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14626RE: Preterite and corresponding participles

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  • parked71
    Jan 1, 2014
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      Sorry I don't get involved in Folkspreking much these days. Too many other projects and obligations. And this new Yahoo groups interface is too annoying.

      My counter proposal is always Preterite/past tense is -ede.

      Past/passive participles is always -ed. 

      This may be less natural and often more lengthy but it resolves a number of issues, In short it is simpler. There's only one rule to learn. No worrying about whether to change from -d to -t when it's a voiced consonant in the stem. No worrying about adding an extra -e- when the stem ends in -d or -t. It's always the same. Also there's no need to worry about what adding a -de/-te does to the vowel of the stem, depending on what orthography system we use. Most orthography proposals I have seen and most real world Germanic languages have open/closed syllables where multiple consonants and doubled consonants indicated a short vowel. For example if we have a word like "make" (to make) and it has a long vowel. If we add -te to the stem for the past tense, then we have *makte. Now is the vowel of the stem still long or does it become short? If it's *makede, it's more obviously still long.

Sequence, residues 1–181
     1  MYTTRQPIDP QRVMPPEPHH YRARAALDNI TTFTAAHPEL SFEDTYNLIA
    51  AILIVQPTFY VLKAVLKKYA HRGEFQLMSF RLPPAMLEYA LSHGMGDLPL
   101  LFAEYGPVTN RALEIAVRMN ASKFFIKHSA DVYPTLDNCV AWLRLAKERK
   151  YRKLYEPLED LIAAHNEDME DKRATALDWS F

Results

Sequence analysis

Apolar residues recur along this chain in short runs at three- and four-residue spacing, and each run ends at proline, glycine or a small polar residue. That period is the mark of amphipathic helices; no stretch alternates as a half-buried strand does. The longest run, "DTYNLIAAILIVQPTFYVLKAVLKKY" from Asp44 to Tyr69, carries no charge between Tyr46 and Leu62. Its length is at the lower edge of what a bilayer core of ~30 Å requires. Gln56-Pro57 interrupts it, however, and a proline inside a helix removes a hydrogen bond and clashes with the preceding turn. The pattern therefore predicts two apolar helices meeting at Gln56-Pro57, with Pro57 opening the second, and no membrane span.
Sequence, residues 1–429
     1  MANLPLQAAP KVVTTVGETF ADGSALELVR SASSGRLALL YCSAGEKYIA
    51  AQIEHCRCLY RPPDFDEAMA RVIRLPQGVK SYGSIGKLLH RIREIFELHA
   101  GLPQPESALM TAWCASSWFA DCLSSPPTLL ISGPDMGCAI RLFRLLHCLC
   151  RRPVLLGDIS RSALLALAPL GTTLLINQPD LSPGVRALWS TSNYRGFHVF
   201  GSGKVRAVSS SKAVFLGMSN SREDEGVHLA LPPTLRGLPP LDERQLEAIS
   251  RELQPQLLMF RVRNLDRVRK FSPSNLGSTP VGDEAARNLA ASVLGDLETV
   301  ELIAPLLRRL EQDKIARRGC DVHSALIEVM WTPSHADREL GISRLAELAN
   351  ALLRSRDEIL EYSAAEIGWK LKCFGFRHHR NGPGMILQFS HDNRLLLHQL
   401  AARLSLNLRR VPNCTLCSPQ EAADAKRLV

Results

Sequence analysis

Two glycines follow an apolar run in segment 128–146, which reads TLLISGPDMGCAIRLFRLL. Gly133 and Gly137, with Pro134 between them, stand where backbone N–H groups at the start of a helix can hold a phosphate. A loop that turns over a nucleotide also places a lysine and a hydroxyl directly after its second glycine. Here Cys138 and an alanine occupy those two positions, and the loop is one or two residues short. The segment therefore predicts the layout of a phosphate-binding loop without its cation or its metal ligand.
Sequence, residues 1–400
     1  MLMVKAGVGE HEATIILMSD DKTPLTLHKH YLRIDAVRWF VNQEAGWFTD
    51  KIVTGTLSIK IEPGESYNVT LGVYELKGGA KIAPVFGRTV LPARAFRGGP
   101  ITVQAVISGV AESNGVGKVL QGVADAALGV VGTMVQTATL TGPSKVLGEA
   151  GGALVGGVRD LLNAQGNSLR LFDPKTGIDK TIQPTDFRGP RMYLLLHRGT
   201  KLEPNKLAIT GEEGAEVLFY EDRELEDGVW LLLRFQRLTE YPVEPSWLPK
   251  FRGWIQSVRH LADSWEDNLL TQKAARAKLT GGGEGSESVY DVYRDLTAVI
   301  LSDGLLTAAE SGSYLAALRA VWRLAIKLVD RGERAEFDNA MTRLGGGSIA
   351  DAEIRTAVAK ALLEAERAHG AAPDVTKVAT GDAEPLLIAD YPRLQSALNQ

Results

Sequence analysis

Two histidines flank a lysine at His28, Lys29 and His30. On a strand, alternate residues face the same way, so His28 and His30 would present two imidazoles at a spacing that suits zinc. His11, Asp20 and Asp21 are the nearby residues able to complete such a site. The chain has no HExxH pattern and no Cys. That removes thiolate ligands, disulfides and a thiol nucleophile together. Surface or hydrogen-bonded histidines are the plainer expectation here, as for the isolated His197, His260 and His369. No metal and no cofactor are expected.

Alternatively in my Frenkisch "diversion" from FS, I add -'de, but it can be pronounced as [d] or [t] depending on whether the stem-final consonant is voiced or unvoiced. No need to change the spelling to -t, you're natural inclination will be to change the pronunciation to [t] if necessary. So in Frenkisch, there is the verb "make" (to make). The past tense is "mak'de". ["mA:kt@]. The past tense of "blicke" (to look) is "blick'de" ["blIkt@]. The past tense of "sege" (to say) is "seg'de"

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